Choosing the Right One: Persistent vs. Non-persistent Virtual Desktops
Let us define a persistent virtual desktop first to understand fully the differences between persistent and non-persistent virtual desktops. Basically, a persistent virtual desktop is one that can maintain all embodiments and configurations that the user created from one session to another.
In order to hold a feel to a physical computer, persistent desktops hold the user’s information and documents on a inpidual disk. Let’s look at an example first; if you own a persistent desktop and then you make a shortcut for your specific favorite document, when you log out of your virtual desktop, the shortcut will stick there. The user can access it anytime using their persistent virtual desktops even if you log in on other devices, such as a tablet PC.
What are the pros and cons of this feature? The pros include the fact that you don’t need to make changes whenever you log in, all the things that you do from one session to another will stick with you. The cons would be, it takes a huge amount of storage space which does not come inexpensively and this keeps on growing, when ultimately there will be a hole in your pocket.
In comparison, the non-persistent virtual desktops are exactly the opposite of the persistent virtual desktops. When the user will log in for use, a virtual mechanism or unit will be allocated from a set of assets. That mechanism will make use of the user’s profile, which will be roaming in order to establish a set of arranged personal data. Once you log in to use a virtual desktop, and you are done with your work, the minute you log out, the desktop will be as good as new. This essentially means that if you made any changes, your desktop will be wiped out, such as a new folder with files or a desktop shortcut icon that you recently made. The characteristic of a non-persistent virtual desktop is that, it reverts to the original settings your desktop had before your login. In such a case, administrators will be asked to make a home disk drive that lets you save your work and not lose everything with a non-persistent virtual desktop. A warning would be to never save your work in the C drive no matter what kind of desktop you are using because the C drive doesn’t have a backup. This way, if your hard drive was corrupted or had a virus attack, everything will be gone forever. There is no way you can retrieve those files.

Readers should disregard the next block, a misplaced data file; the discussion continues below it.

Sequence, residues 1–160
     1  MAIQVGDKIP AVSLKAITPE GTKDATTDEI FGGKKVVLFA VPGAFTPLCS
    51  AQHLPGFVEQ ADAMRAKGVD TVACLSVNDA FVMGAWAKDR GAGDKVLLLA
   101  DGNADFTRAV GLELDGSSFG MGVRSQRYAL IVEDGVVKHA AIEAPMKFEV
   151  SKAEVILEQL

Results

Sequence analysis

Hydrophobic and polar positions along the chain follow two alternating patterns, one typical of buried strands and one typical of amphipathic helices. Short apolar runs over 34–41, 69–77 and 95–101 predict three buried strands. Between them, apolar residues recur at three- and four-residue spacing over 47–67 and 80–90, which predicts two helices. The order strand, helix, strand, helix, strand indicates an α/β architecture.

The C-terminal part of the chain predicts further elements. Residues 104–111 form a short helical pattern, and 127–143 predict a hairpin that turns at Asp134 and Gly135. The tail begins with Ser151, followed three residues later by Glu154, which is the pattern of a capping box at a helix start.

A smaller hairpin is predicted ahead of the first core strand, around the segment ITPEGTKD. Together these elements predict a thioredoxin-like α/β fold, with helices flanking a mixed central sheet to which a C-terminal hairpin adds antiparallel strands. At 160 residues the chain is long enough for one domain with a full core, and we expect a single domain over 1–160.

Both situations differ in terms of whether a persistent virtual desktop is better than a non-persistent one. It really depends on what is required at hand. Of course, a combination of the two desktops can also work out in most situations, and that is the most commonly used configuration today since it seems to work in a lot of circumstances.